High Peak hasn’t become the biggest name in outdoor equipment throughout Europe by following the pack. With innovative products, solid manufacturing, and good old fashioned know-how, they are setting their sights on becoming world champions of backpacking and camping equipment. So when they offered us the Trango 65 backpack for review, we jumped at the chance.
In the past, multi-day backpacks were large, cumbersome, and heavy. With the Trango 65, High Peak has challenged that tradition with a design that attempts to be flexible, spacious, and comfortable while keeping the weight to a minimum. There are two major compartments that make up the bulk of the 65-liter capacity: the bottom portion – which can be accessed either by going through the top opening, or by using the external zipper port – and the larger upper portion, divided by a drawstring closure that allows you to combine or separate the two. The rest of the storage space is in the pocket on the lid, which should hold most of the small items that need to be accessed in a hurry (like a small first aid kit, maps, and whatnot). While we managed to fit a 2 liter Geigerrig hydration engine in the internal hydration pocket, and run both lines through the port over the right shoulder, a second port would be a welcome addition. Of course, there are pockets on either side, should you decide to forgo a hydration pack.
The outer shell is made from double ripstop nylon which has been treated to resist abrasion and to keep some (but not all) moisture out. Using the straps on the outside of the backpack, the interior can be expanded or compressed to fit the size of your gear. To keep the weight (and price) down, High Peak did take out some of the bells and whistles that they include with their other models. Well, except for the whistle on the sternum buckle, that’s still there. And the ice axe loops. But they’ve cut down on the number of dividers and pockets.
First impressions are always important, and the first thing you’re likely to notice is that the Trango is a good looking backpack. The color scheme is nice and the design is an attractively simple one. After picking it up, you’ll also notice that for a 65-liter backpack, it’s extremely light at 3.6 pounds. That’s probably less than the sleeping bag you’ll be hauling around in it. When it comes to actually putting the Trango on, it is going to take a little while to adjust everything to fit just right. With the amount of available adjustment offered by their Vario Harness system, most everyone should be able to feel comfortable carrying a substantial amount of weight. The hip and shoulder straps are nicely padded, and mesh backing provides a bit of cooling. One potential issue for the smallest of backpackers is that the belt will probably only go as small as about 30-32”. When we didn’t need to pack it to the rafters, tightening the exterior straps kept all of the gear inside from getting tossed around. We found that the lack of extra pockets actually made it easier to pack and find everything that we needed, but it did look a little messier inside than if there were a few extra storage compartments. Overall, this ultra-lightweight hiking backpack should help you comfortably carry a lot of gear as far as you need to. And can you really put a price on comfort? Turns out you can: the Trango 65 from High Peak sells for about $120.00.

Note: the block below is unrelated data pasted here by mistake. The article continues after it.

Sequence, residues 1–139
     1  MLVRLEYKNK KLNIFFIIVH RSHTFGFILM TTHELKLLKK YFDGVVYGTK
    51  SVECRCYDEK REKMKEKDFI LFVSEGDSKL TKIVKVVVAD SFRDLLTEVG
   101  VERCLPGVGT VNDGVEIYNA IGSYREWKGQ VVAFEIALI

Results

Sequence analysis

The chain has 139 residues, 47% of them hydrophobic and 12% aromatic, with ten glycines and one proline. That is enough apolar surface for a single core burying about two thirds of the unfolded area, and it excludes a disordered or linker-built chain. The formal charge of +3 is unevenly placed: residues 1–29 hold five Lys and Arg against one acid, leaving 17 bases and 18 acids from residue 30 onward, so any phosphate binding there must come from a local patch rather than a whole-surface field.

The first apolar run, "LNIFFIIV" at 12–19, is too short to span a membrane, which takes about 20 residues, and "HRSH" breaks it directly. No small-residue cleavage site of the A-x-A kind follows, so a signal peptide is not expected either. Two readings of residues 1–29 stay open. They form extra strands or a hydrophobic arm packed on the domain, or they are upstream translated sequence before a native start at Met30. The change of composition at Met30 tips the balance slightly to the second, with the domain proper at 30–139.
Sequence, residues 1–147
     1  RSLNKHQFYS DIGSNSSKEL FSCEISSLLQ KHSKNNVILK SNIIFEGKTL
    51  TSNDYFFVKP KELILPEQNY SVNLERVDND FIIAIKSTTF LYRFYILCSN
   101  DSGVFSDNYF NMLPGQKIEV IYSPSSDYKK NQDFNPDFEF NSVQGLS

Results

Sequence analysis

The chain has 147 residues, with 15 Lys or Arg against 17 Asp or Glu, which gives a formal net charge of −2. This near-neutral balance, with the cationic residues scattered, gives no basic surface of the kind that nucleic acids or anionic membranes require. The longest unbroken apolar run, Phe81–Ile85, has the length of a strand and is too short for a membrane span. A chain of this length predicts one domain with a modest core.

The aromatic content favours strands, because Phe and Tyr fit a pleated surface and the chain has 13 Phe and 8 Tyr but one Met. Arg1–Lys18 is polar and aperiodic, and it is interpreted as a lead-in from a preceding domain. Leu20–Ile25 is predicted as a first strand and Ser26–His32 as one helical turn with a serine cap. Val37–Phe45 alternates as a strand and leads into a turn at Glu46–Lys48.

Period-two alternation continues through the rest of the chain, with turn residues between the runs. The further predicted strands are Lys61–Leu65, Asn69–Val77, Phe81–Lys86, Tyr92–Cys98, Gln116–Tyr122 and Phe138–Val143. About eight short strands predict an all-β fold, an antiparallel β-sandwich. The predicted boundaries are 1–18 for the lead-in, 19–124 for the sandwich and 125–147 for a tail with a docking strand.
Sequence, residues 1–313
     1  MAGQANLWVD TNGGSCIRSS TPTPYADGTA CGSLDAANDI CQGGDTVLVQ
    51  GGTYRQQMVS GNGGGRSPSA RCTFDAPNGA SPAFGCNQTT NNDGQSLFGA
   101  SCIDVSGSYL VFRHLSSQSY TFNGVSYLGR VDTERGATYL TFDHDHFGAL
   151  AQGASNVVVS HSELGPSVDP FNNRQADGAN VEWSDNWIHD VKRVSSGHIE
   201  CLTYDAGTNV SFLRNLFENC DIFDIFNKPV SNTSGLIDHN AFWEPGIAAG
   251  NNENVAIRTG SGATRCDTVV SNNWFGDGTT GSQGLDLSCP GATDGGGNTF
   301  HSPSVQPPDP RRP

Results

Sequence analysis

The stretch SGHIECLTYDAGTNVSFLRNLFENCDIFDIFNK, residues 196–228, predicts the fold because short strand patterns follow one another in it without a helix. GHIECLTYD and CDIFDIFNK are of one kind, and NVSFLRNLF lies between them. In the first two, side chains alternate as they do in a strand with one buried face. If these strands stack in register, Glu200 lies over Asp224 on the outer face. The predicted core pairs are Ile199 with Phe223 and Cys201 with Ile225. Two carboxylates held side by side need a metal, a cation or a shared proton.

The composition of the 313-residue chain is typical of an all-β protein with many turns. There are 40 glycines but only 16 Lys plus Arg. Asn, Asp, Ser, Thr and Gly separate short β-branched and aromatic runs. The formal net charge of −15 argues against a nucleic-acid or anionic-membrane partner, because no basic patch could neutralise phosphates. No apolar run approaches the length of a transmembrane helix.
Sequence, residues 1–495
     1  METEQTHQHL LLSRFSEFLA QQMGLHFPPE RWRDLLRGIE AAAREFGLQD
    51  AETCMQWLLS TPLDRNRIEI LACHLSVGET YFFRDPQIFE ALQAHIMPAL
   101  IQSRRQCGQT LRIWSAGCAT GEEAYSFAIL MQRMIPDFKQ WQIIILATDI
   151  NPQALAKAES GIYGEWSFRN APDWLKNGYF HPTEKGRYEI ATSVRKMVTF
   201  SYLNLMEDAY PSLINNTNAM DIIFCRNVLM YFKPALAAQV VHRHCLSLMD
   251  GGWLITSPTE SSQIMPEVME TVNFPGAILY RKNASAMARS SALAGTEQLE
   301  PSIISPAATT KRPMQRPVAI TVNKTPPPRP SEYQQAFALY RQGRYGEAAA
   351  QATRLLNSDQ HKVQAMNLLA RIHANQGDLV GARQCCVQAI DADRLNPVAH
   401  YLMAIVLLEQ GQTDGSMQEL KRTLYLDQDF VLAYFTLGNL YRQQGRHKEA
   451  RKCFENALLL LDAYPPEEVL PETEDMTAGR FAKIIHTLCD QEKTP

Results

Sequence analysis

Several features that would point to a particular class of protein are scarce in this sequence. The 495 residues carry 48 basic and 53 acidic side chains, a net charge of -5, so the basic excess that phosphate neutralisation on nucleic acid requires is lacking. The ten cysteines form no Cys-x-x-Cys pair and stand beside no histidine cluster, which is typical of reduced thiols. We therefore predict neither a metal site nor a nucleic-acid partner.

If you are looking for something a bit smaller, or a backpack that has more pockets, check out the High Peak website. They have a massive selection, and everything we have seen from them so far has been of the highest quality.